Like many parents/husbands, I often get "dragged" to the mall to walk around, especially in the winter months. The amazing part is that we often don't even bother to buy anything, but that is for a different rant...
One of the ways I occupy my time is to assess the viability of some of the businesses, especially the ones that are not chain stores. I wonder what kind of money they make, how much it cost to open it, how much it costs to operate it, stuff like that…I guess this just comes natural to me as I am a bit of a serial entrepreneur.
One of the main reasons why any entrepreneur is successful is actually their "gut". I don't mean if they have a six-pack under their dress shirt, but rather do they have the ability to see things that most people do not, or at least before most people do. This is why analyzing businesses comes easy to me, as analyzing different opportunities is what I do for a living. I am able to do this by using my experience (or "gut"), and I have managed to be relatively successful because of it.
However, you don't have to be an entrepreneur to have a "gut" instinct about things, such as your job. Experienced nurses seem to know when patients are about to take a turn for the worse before anyone else does....pilots often seem to know when there will be turbulence even before the radar shows....and, detectives often know to investigate a particular person/theory even when the evidence may say otherwise.
I call this "Spidey-sense" after the popular comic book character. Some people also call it the ability to "look around corners" and being able to predict what may happen accurately, even without having the full list of information.
This got me to wonder...is moving to an extreme data-driven business world going to hurt our ability to sense things as we have in the past?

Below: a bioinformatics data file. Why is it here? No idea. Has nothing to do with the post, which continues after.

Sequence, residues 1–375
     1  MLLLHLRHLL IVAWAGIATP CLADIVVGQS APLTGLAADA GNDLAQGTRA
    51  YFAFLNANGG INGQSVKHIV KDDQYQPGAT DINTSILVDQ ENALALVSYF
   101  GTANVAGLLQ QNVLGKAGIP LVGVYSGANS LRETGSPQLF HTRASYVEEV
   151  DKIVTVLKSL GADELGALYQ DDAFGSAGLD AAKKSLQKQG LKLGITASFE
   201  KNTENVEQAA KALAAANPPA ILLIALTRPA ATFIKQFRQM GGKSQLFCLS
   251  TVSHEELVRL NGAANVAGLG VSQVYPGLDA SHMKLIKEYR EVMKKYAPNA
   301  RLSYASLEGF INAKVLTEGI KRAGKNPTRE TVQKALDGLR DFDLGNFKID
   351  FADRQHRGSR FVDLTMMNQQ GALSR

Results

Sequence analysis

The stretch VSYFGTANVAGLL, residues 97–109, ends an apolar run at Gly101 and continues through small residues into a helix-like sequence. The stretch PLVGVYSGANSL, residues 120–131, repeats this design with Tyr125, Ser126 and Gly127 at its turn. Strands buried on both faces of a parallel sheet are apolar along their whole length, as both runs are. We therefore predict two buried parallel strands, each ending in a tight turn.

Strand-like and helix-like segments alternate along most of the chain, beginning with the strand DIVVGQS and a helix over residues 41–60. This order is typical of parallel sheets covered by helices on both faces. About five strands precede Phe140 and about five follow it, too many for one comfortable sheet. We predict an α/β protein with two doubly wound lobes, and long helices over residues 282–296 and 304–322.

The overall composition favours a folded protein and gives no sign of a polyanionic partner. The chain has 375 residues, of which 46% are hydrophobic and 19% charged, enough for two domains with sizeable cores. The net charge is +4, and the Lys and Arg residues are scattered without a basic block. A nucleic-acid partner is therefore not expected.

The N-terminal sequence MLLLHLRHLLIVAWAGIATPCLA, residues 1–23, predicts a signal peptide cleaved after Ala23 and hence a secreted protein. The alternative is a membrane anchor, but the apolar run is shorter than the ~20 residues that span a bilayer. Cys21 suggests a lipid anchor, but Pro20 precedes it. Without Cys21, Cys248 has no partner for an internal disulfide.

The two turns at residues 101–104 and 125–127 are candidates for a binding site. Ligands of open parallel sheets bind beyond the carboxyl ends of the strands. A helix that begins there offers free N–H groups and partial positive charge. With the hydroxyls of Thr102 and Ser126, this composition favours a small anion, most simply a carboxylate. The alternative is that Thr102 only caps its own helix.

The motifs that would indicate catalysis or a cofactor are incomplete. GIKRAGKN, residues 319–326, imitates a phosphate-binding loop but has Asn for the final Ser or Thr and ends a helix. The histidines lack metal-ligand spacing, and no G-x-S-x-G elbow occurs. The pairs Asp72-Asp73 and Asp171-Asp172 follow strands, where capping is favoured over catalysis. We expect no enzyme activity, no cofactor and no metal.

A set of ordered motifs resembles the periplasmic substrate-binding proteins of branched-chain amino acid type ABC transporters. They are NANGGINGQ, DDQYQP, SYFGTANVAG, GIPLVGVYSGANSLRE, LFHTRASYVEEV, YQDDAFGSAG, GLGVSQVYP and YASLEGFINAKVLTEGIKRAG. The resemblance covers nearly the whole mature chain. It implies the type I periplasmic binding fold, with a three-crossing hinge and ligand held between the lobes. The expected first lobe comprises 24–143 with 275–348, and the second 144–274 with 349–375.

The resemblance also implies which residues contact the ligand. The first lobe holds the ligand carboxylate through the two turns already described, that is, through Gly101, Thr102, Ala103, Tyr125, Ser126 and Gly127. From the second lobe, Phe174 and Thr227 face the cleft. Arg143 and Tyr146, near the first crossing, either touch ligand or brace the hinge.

Sometimes, the data is wrong
I have referenced Top Gun a few times in the past. There is a famous line about how pilots have stop using their "Dog-fighting" skills (skills that pilots formed before all of the modern day telematics/electronics on board), lessening their skill level. To a certain extent, I think the same things have started to happen with airport security. As we rely strictly on machines/data, we've reduced our use of experience and wisdom. In my opinion, an experienced screener may be just as effective asking people questions about the contents of their luggage versus putting it through a screening machine.
As we move further into the world of M2M, I do fear that not just pilots/airport screeners will be losing their Spidey-sense, but perhaps others as well. Will auto mechanics stop using their intuitions completely and just rely on data from the on-board computers? How about doctors....are they just going to read levels from machines or are they going to continue to use their guts when it comes to diagnosis?
So, are we going to balance the use of IoT with experience?
The Bottom Line
It is tempting for companies to move strictly towards a data-driven model as they implement IoT. The theory is that it would allow companies to do more with less, while also allowing them to reduce the cost of each resource (by using less experienced people). However, we need to start to think of IoT as a tool and not a replacement of good people. Like any tool, the goal is to make your valued resources more valuable. We need to continue allowing skilled people to use their Spidey-sense while using IoT as a method of verifying their beliefs.